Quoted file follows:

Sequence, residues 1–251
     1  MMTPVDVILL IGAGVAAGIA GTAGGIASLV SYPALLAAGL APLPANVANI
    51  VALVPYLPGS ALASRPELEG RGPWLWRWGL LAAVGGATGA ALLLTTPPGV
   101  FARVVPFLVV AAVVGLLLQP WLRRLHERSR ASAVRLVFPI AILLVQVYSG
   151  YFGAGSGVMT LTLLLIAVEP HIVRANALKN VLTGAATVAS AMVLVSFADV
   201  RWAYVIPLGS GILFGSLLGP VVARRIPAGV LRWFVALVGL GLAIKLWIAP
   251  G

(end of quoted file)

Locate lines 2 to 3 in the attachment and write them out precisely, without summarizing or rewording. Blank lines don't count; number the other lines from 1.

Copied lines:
     1  MMTPVDVILL IGAGVAAGIA GTAGGIASLV SYPALLAAGL APLPANVANI
    51  VALVPYLPGS ALASRPELEG RGPWLWRWGL LAAVGGATGA ALLLTTPPGV